President Biden’s campaign announced on Friday a combined fundraising of more than $72 million from April to June along with the Democratic National Committee and joint fundraising committee, a figure that far exceeds what former President Donald J. Trump and other top Republicans did. announced presidential candidates.
The campaign said that along with the DNC and the committee, it had a combined $77 million in cash at the end of the reporting period. It did not reveal how that money was divided between the campaign and the commissions.
“While Republicans are burning resources in a divisive primary focused on who can take the most extreme MAGA positions, we are significantly infuriating every single one of them,” said Julie Chávez Rodríguez, Mr. Biden’s campaign manager.
While the fundraising total is far less than the $105 million Mr. Trump and his allies raised during the same period in his 2020 re-election campaign, it is likely to serve as a salvo for Democrats who have been privately unhappy with Mr. Biden’s declining approval ratings. The financial numbers prove that whatever private misgivings Democrats have about Mr. Biden’s re-election campaign, the party’s donor class is fully on board.
“This is proof positive that this party and its people and the country believe in Joe Biden and the accomplishments of this administration,” said Henry R. Muñoz III, former finance director of the Democratic National Committee. “This reaffirms Joe Biden’s appeal to the working people and everyday heroes of this country.”
At the dawn of President Barack Obama’s re-election campaign, he and the DNC raised a combined $86 million between April and June 2011.
Comparisons to Mr. Obama’s fundraising efforts for the 2012 campaign are imprecise, however, because a 2014 Supreme Court ruling and other legal changes allowed candidates and parties to form joint fundraising committees that can accept single donations from hundreds of thousands of dollars .
And in Mr. Trump’s re-election bid, he had a significant head start over Mr. Biden. Mr. Trump formally announced and began fundraising for the 2020 race on the day he was inaugurated in 2017, while Mr. Biden, who at the end of March had 1.36 million USD remained in his campaign account, did not actively solicit money for his campaign until he made his run official in April.
Mr. Biden launched his 2024 campaign on April 25 — nearly a month after the fundraising quarter began. His first major fundraising event was in mid-May in New York, and he did not do any significant fundraising himself during the heat of negotiations over extending the federal debt ceiling in late May.
In June, Mr. Biden traveled to San Francisco and Chicago to meet with major donors before the end of the fundraising period.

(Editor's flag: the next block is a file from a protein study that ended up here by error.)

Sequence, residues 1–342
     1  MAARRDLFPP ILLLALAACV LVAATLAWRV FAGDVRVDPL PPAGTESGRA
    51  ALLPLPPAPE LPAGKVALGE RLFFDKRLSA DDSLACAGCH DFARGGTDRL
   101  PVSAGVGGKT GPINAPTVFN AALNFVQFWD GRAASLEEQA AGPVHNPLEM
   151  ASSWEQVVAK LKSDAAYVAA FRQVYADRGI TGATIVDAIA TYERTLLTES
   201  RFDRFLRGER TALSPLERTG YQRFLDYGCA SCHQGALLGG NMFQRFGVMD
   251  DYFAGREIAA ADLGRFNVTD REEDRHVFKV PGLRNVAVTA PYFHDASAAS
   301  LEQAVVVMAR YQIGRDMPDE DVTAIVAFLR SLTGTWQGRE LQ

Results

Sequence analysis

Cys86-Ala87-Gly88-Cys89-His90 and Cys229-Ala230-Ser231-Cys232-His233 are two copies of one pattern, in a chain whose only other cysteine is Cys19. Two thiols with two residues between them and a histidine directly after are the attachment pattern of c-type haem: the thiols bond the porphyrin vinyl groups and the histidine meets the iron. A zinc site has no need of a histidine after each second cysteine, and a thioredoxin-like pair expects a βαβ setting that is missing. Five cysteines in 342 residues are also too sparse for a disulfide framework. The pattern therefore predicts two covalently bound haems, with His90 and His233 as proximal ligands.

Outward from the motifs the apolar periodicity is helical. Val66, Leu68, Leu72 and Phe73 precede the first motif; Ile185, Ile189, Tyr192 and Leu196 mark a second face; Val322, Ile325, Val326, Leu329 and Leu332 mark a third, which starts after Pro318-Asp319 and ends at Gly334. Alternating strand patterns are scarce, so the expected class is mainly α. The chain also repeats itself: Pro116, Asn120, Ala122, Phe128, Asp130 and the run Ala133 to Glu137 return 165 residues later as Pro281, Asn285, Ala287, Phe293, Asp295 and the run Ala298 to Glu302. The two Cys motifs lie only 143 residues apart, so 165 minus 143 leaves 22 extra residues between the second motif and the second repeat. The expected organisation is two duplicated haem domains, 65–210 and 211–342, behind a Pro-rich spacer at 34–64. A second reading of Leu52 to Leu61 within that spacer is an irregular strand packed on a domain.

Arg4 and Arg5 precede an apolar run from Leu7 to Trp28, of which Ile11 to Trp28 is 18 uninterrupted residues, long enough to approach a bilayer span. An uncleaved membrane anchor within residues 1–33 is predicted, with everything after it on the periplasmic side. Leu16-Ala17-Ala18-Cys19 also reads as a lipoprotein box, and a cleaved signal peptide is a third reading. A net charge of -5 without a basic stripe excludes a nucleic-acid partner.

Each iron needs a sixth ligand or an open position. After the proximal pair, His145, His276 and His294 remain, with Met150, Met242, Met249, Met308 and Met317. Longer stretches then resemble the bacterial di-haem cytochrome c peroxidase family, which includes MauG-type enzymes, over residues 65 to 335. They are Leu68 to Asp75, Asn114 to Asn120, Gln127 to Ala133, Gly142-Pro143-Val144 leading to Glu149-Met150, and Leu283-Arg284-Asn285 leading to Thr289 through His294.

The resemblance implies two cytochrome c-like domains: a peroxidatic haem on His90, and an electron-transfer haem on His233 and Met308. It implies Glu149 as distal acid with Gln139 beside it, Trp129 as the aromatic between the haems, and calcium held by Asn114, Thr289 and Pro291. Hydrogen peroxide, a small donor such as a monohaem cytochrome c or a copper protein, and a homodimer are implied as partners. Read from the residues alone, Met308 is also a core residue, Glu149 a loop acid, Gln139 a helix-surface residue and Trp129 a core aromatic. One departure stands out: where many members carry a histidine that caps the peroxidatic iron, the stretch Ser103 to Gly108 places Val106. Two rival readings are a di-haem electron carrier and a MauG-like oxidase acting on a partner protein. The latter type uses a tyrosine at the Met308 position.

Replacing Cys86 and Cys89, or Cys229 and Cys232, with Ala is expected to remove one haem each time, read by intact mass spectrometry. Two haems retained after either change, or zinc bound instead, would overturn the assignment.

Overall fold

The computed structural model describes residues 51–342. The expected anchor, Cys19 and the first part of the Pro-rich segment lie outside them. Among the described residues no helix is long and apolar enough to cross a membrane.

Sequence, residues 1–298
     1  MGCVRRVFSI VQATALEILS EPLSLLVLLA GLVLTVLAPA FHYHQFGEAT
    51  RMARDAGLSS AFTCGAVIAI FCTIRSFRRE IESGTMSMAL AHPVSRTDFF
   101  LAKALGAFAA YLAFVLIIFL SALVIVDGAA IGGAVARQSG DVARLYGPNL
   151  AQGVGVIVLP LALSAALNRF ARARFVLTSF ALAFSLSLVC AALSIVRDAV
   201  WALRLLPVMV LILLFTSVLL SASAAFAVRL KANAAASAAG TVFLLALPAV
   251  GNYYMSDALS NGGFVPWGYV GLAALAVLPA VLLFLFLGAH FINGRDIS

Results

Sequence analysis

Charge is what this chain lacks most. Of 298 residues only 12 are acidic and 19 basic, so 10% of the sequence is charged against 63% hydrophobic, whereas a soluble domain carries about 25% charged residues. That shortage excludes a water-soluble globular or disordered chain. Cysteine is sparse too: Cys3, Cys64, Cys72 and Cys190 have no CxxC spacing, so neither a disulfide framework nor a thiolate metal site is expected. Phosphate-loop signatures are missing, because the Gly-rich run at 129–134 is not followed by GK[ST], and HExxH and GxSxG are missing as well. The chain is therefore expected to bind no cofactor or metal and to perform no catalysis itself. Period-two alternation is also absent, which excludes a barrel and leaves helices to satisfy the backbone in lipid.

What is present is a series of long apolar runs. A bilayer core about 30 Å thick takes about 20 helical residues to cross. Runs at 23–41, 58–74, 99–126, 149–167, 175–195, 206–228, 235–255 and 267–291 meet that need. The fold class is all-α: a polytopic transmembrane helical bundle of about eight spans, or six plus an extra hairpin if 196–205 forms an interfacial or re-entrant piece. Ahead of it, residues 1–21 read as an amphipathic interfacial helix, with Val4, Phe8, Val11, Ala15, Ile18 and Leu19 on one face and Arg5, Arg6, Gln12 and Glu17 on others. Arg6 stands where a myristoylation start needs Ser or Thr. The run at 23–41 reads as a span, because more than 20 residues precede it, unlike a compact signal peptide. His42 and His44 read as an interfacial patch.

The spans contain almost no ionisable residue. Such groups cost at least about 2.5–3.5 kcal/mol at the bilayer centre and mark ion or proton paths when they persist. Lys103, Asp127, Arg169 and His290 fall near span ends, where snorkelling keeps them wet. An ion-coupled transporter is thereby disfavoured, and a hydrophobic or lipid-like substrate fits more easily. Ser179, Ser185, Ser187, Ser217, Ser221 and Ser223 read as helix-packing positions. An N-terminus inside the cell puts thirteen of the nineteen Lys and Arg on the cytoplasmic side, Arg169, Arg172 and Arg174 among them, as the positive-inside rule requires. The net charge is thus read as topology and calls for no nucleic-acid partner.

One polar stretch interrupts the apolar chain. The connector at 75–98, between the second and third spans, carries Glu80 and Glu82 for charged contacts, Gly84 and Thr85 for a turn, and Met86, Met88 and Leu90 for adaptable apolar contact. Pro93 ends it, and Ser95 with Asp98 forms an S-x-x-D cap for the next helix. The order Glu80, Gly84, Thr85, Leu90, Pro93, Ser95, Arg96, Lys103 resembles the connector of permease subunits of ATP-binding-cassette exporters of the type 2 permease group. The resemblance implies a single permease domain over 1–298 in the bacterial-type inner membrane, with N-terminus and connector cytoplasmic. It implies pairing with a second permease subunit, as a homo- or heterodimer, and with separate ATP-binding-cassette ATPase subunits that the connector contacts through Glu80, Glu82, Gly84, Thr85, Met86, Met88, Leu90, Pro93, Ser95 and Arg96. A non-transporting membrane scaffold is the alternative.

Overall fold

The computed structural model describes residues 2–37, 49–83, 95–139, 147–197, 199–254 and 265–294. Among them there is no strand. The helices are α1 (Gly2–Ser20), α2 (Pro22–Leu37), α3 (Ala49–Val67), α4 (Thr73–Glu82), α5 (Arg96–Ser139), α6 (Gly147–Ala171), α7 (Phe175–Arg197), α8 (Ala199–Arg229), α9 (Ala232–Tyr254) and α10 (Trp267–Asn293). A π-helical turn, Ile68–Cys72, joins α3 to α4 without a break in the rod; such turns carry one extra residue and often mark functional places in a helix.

Mr. Biden was never a prolific fundraiser before he became the party’s de facto presidential nominee in the spring of 2020. Three other Democratic candidates raised more money than he did during the third quarter of 2019, well before his resurgence as the primary season unfolded
But after Democrats united around Mr. Biden and against Mr. Trump as the pandemic gripped the country, Mr. Biden emerged as a magnet for donors big and small.
“Just like 2020 was a record year, I imagine 2024 will be a record year,” said Alex Lasry, a former Senate candidate and DNC member from Wisconsin who is the co-treasurer of the Democratic Governors Association.
The Republicans vying to replace Mr. Biden will not have the benefit of raising money through their national committee until one emerges as the party’s nominee. Mr. Biden and supportive Democrats also have the advantage of not having to spend a lot of money to get through what is expected to be a rough primary campaign for Republicans.
Mr. Trump said his campaign and his joint fundraising committee raised $35 million in the second quarter. Governor Ron DeSantis of Florida announced that he had raised about $20 million. Nikki Haley, the former South Carolina governor and United Nations ambassador, raised $4.3 million for her campaign and another $3 million for her affiliated committees. Senator Tim Scott of South Carolina said his campaign raised $6.1 million.
Other Republican presidential candidates, including former Vice President Mike Pence, former Gov. Chris Christie of New Jersey and Vivek Ramaswamy, a businessman, did not release their fundraising totals for the second quarter.
Full reports on the campaign finances of all federal candidates, which will include expenses and an indication of how much of their money came from small donors, are due on Saturday to the Federal Election Commission.
Rebecca Davis O’Brien contributed reporting.